William Christopher Swinney was a decent football player, and he proved to be a serviceable coach as an assistant at the University of Alabama. He ultimately found himself out of football for two years, and it wasn’t until his old position coach at Alabama offered him a chance to coach again in 2003 that the legend of Dabo Swinney really began. When the head coach – and the same man who’d recruited him in college and again back into coaching – resigned, Swinney became the head coach six games into the 2008 season. The underperforming Clemson Tigers began to turn things around, culminating in two National Championships in 2016 and 2018.

Some people would say that Swinney overachieved, that he made something out of nothing. Swinney has always been clear that what he was solidifying for Clemson football wasn’t Xs and Os but culture, morale, and … belief. He was clear that who he was mattered as a person and a believer in Jesus Christ, and that he could share that with his players. But as he told author Jon Gordon, Swinney doesn’t consider himself an overachiever – he considers himself an overbeliever.

That’s classic Swinney, to those who’ve followed him, or listened to his post-game interviews. But it’s also a solid challenge to the rest of us. What do we put our “stock” in? What’s our expectation of what success and failure look like? I have a friend who quotes Mother Teresa all of the time: “We’re not called to be successful, but we’re called to be faithful.” Are we taking what we’ve been given and working ourselves into a sweat with it, or are we believing in faith that God will do more with our efforts than we could ever do on our own? Are we measuring ourselves by who we are or what we produce?

Jesus spoke to these things quite a bit, but in one particular parable, he focused on the smallest particle his audience would’ve known: a mustard seed. In Matthew 13, Jesus tells the parable of the mustard seed: “He told them another parable: ‘The kingdom of heaven is like a mustard seed, which a man took and planted in his field. Though it is the smallest of all seeds, yet when it grows, it is the largest of garden plants and becomes a tree, so that the birds come and perch in its branches.’” Later, in Matthew 17:20-21, Jesus adds, “Truly I tell you, if you have faith as small as a mustard seed, you can say to this mountain, ‘Move from here to there,’ and it will move. Nothing will be impossible for you.”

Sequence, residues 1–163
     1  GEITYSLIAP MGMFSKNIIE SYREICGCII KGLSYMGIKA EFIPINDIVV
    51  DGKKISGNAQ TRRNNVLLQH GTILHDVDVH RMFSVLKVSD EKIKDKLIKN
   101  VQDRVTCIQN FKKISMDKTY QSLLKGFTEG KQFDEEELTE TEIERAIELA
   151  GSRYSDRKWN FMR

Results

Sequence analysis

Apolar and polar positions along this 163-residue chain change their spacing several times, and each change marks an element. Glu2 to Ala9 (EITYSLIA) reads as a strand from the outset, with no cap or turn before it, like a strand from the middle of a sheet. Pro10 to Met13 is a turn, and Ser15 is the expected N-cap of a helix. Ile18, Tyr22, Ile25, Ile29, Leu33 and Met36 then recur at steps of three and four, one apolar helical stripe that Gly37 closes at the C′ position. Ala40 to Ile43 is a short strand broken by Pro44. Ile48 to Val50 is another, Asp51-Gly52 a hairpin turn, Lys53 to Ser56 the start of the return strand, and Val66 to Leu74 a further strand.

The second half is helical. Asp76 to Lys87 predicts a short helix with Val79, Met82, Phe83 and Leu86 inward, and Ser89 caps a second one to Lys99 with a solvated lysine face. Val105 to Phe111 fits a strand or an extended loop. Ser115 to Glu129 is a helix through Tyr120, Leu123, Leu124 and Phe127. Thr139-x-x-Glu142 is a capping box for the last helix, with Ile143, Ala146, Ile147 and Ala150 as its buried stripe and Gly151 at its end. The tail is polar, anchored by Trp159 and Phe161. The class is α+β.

Friends, what we do in times like these won’t ultimately be remembered for reflecting our great creativity, our endless resolve, our ridiculous talents. What will be remembered when all of this fades is that smallest of incremental ideas, immeasurable by the world’s standards because it takes up no actual space, held in the grain the size of a mustard seed.

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Coronavirus Diaries: You Just Never Know

Do you remember your first concert? I do. It was The Temptations and The Four Tops. While that’s not the concert that’s been on my mind lately, it’s still memorable. Seriously, I grew up in a Motown household, not a rock’n’roll one, so that impacted the kinds of music I’ve gravitated toward. But I digress… I want to talk about the time I went to see PFR (Pray for Rain) and how I saw something completely unexpected instead.

The concert was in Grove Avenue Baptist Church, a church that locally has a reputation for providing its services via television each Sunday and putting on pageants that people travel from all over to come see. But on one fall night in 1995, the church was set up for a concert by PFR, a band I’d never heard of but which college students I knew were super excited about. I don’t ever remember buying a ticket, but I agreed to go and off we went to see PFR – a band that would fade from the national consciousness within years, if not months, of that concert.

We arrived early, settled in, and heard an up-and-coming band who was getting paid pennies on the dollar compared to PFR settle into their set, playing songs that resonated through the building, including one that would actually merit airtime on mainstream radio and climb to No. 37 on Billboard’s Hot 100. After Grove Avenue, they’d open for acts like Sting and Matchbox 20, extending their stage life for another twenty years.

The band was Jars of Clay, and their crossover hit was “Flood.”

“Rain rain on my face
It hasn’t stopped
Raining for days
My world is a flood
Slowly I become
One with the mud.”

“But if I can’t swim after 40 days
And my mind is crushed
By the crashing waves
Lift me up so high
That I cannot fall
Lift me up
Lift me up when I’m falling
Lift me up I’m weak and I’m dying
Lift me up I need you to hold me
Lift me up and keep me from drowning again.”

The song still comes back to me all these years later – a reminder that no matter what we feel stuck in or by, that God comes through like God has so many more times. It’s a song, a poem, a prayer, and a powerful cry to God as the only source of our strength.

It’s also a reminder that what you go expecting isn’t always what you get. Maybe Forrest Gump’s mother was right.